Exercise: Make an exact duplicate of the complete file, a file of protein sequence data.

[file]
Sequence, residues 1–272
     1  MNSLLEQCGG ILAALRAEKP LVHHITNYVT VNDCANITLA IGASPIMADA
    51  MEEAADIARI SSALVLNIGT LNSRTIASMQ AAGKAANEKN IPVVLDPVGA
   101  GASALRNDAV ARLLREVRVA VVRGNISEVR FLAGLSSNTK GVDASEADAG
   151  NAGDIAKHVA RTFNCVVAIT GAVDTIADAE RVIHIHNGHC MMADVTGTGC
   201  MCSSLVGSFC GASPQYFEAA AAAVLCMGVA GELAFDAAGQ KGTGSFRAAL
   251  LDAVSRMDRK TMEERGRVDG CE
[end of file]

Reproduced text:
Sequence, residues 1–272
     1  MNSLLEQCGG ILAALRAEKP LVHHITNYVT VNDCANITLA IGASPIMADA
    51  MEEAADIARI SSALVLNIGT LNSRTIASMQ AAGKAANEKN IPVVLDPVGA
   101  GASALRNDAV ARLLREVRVA VVRGNISEVR FLAGLSSNTK GVDASEADAG
   151  NAGDIAKHVA RTFNCVVAIT GAVDTIADAE RVIHIHNGHC MMADVTGTGC
   201  MCSSLVGSFC GASPQYFEAA AAAVLCMGVA GELAFDAAGQ KGTGSFRAAL
   251  LDAVSRMDRK TMEERGRVDG CE